February 20–July 14, 2013

New Blue and White

Discover contemporary interpretations of blue-and-white ceramics

"sumptuous, conceptually elegant show"—The Boston Globe

"Blue and white" means, at its simplest, cobalt pigment applied to white clay. Over the course of a millennium, blue-and-white porcelain has become one of the most recognized types of ceramic production worldwide. With roots in the Islamic world and Asia, and strong presence in Europe and the Americas, various cultures adapted blue-and-white, from the Willow pattern to isznik. Taking inspiration from global blue-and-white traditions, today’s artists continue the story, creating works that speak to contemporary ideas. They tackle diverse issues, ranging from the public (the political landscape, cross-cultural interchange), to the personal (family, memory, the act of collecting), to the aesthetic (abstraction, pattern, the role of decoration). “New Blue and White” explores the ways in which contemporary makers, working in ceramics as well as other media ranging from fiber to furniture to glass, have explored this rich body of material culture. An international selection of artists and designers is featured in the exhibition, and recent acquisitions of work by the ceramic sculptor Chris Antemann and fashion designers Rodarte are drawn from the MFA’s own collection.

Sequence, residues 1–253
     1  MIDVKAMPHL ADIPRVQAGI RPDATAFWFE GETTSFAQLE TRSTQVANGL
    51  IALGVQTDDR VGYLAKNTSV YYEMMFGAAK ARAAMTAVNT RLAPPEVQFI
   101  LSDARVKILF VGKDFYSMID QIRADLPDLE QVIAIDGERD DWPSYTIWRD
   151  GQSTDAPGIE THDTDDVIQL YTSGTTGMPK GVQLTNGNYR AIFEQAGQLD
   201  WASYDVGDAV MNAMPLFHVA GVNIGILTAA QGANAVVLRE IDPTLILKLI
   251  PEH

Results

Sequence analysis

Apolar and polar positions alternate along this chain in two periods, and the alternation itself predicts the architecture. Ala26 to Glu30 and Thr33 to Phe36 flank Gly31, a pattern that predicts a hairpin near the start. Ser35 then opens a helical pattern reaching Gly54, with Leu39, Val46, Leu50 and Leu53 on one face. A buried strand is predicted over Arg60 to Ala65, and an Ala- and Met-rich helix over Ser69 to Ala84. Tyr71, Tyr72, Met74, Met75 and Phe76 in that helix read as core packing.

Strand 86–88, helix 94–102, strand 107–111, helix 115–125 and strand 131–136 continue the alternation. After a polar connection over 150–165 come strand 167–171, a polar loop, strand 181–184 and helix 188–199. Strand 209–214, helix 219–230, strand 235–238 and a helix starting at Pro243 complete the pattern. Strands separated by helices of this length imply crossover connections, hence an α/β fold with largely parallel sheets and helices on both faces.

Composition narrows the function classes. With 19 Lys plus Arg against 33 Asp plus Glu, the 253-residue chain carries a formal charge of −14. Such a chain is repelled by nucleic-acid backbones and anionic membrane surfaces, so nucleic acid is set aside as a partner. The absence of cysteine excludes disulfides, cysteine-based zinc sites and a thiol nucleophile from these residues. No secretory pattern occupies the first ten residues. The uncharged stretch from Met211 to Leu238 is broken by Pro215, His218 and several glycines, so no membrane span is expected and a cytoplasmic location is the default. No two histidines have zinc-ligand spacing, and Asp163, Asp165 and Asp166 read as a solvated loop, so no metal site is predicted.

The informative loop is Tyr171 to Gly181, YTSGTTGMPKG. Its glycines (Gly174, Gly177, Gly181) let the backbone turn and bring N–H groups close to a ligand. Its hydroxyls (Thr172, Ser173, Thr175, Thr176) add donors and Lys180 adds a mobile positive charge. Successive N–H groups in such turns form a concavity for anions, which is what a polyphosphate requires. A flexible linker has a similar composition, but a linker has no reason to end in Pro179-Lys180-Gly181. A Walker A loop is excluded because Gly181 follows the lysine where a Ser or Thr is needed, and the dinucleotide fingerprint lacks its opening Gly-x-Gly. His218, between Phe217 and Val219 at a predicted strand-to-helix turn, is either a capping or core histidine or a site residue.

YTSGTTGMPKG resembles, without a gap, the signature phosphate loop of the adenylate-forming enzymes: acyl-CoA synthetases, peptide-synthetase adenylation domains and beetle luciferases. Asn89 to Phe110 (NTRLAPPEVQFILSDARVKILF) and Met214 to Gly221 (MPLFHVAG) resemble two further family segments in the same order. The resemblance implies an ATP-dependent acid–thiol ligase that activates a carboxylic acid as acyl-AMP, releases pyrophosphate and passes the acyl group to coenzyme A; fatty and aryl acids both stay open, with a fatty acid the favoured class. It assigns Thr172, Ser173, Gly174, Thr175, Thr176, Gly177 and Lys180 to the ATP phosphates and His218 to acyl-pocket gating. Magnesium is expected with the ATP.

Visitors can make connections between these contemporary statements and their remarkable historical predecessors. Illustrated labels thorught the exhibition provide some examples of blue and white ceramics currently on view—but there are many more. Discover blue and white porcelain in galleries across the Museum.

Above: Harumi Nakashima, Work 0808 (detail), 2008. Glazed stoneware. Collection of Samuel and Gabrielle Lurie, New York. Photograph by Geoff Spear. Reproduced with permission.

  • Henry and Lois Foster Gallery (Gallery 158)


Presented with generous support from The Wornick Fund for Contemporary Craft. Additional support provided by The John and Bette Cohen Fund for Contemporary Decorative Arts, and the Joel Alvord and Lisa Schmid Alvord Fund.